I am the great-grandson of Mano Swartz, founder of Mano Swartz Furs (established in 1889), America’s oldest furrier.
The story of this company begins with a transatlantic voyage, a two-week tutorial in American history narrated by an old Union soldier speaking to a young boy from Mitteleuropa.
The veteran befriends the child because of the boy’s ability to speak German and thus to convert the guttural pronouncements about departure and arrival times—their departure time, via steamship—into intelligible English. And he teaches the young Mano Swartz about a country torn asunder by every drop of blood drawn with the lash and repaid by another drawn with the sword; and then, in an attempt to bind up the nation’s wounds, in this reconciliation between those devoted altogether to saving the Union without war and those insurgent agents seeking to destroy it by making war, the president of the United States, a man with the devotion of Abraham and the vision of Moses, is felled by an assassin’s bullet before he can cherish a just and lasting peace among his fellow citizens and with all nations.
I picture my great-grandfather on that boat, a five-dollar silver certificate bearing the portrait of Ulysses S. Grant in his pocket, a gratuity for ensuring that the veteran made it aboard the ship, and I try to imagine their entry into the Port of New York. The Statue of Liberty would have been under construction, covered in scaffolding and catwalks, a copper-colored goddess free of the ravages of oxidation, smoke, pollution, and neglect, a little over a mile from Manhattan and the island’s soot-covered tenements and neo-Gothic spires.
His New York, with its blend of fellow Eastern European Jews and Yiddish speakers, a stratified island of Knickerbocker wealth and Dutch ancestry, was not separated by fences, though there are images aplenty of Fifth Avenue mansions with iron bars and ornate finials. Instead, it was enclosed by invisible walls of class and power—from the temples of finance and the House of Morgan to internecine warfare among the poor for patronage jobs and the stabbings among Irish gangs. Mano Swartz entered a city of tribes, toil, tears, vengeance, and graft.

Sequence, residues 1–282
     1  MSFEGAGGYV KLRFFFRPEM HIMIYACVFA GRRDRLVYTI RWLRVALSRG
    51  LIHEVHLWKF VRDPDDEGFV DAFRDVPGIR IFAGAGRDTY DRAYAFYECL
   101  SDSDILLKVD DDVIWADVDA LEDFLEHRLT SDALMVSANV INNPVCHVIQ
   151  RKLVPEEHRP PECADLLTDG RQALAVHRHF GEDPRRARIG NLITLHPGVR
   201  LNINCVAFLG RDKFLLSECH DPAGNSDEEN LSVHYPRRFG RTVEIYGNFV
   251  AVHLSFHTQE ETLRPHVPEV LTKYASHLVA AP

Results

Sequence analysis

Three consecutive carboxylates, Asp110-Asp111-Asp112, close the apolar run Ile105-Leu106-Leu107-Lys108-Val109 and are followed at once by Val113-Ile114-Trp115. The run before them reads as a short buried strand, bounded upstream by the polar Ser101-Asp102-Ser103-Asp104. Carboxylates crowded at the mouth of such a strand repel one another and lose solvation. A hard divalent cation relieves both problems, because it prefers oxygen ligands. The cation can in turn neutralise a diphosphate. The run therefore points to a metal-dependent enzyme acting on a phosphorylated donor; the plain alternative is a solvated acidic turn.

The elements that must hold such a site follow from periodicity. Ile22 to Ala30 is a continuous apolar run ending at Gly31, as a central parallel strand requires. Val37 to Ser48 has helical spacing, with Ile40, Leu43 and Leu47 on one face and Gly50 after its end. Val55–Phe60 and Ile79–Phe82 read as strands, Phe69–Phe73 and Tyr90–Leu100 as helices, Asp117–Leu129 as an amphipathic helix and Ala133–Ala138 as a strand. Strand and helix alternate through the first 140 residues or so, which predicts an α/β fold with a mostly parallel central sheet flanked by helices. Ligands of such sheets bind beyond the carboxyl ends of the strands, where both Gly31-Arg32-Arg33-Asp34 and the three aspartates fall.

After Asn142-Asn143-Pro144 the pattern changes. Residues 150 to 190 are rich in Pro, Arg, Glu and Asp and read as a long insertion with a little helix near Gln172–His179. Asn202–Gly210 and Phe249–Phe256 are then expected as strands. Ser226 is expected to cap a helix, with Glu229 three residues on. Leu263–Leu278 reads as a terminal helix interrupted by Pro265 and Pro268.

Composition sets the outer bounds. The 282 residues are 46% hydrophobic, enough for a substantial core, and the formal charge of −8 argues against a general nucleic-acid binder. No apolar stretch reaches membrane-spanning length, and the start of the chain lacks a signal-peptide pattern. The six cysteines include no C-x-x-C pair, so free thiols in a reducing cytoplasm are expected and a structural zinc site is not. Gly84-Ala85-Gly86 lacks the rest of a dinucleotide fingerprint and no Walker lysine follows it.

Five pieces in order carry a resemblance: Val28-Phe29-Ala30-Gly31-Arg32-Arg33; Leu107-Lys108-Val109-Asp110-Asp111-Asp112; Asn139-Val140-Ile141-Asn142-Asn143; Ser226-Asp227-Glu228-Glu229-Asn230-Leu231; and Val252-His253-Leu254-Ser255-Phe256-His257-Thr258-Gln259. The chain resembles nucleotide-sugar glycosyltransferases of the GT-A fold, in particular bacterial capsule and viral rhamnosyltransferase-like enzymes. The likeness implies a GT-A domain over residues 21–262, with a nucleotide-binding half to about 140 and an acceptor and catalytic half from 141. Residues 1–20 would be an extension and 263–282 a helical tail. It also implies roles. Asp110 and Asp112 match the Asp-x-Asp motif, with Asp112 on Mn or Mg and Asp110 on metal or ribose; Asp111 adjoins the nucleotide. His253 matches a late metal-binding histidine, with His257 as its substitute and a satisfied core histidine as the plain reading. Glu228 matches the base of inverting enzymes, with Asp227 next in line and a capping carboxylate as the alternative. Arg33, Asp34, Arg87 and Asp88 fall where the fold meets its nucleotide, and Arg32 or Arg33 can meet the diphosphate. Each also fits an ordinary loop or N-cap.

I present the story of that man because his humanity infuses my office with the spirit of love and loss, with the brightness of the morning and the darkness of mourning, and with the euphoria of success and the struggle for survival that is life itself.
I know how his story ends, yet I work to ensure that his name is eternal. That story is my inheritance—I am its custodian, not its owner. The difference between the two is stark, because it is one person’s responsibility—it is this writer’s duty—to perpetuate family customs while avoiding the temptations of the quick buck, the sellout, and the worship of mammon.
Mano Swartz, 1864–1941 James Swartz, 1896–1977 Mano Swartz II, 1922–2009
To go after a quick buck would be a betrayal of everything Mano Swartz is. If I did so, I would be unable to look at the portrait of my great-grandfather and the one of his son and of his son’s son, my father, each one a reward for a minimum of forty years of work. The paintings are a sequential alignment of over a century of history. Three of them hang in my office, and if I betrayed our values, I would have them removed from the wall, exposing pale spaces of dustlike ashes that would symbolize my indifference toward the events each man represents.
Gone would be the battle for civil rights, a struggle for the ages (and a pursuit that will last the ages), were I to forget my grandfather’s refusal to accept the terms and conditions of a manifesto of hate, enforced by silence and policed by threats and violence.
Gone would be a history of private heroism, advertised to no one but known by everyone: that Mano Swartz Furs would not maintain the color line, that the company would not be an accomplice to a moral crime with a legal mask, that it would not run a segregated or exclusionary business where blacks could not work or shop with whites.
What does it matter to today’s consumer, more than a half century after the passage of the Civil Rights Act of 1964 and the Voting Rights Act of 1965, after the crucible of Birmingham and Memphis, after the assassination of a King, and after the election of the son of a Kansan and a Kenyan, that my grandfather decided not to go along just so his business could get along?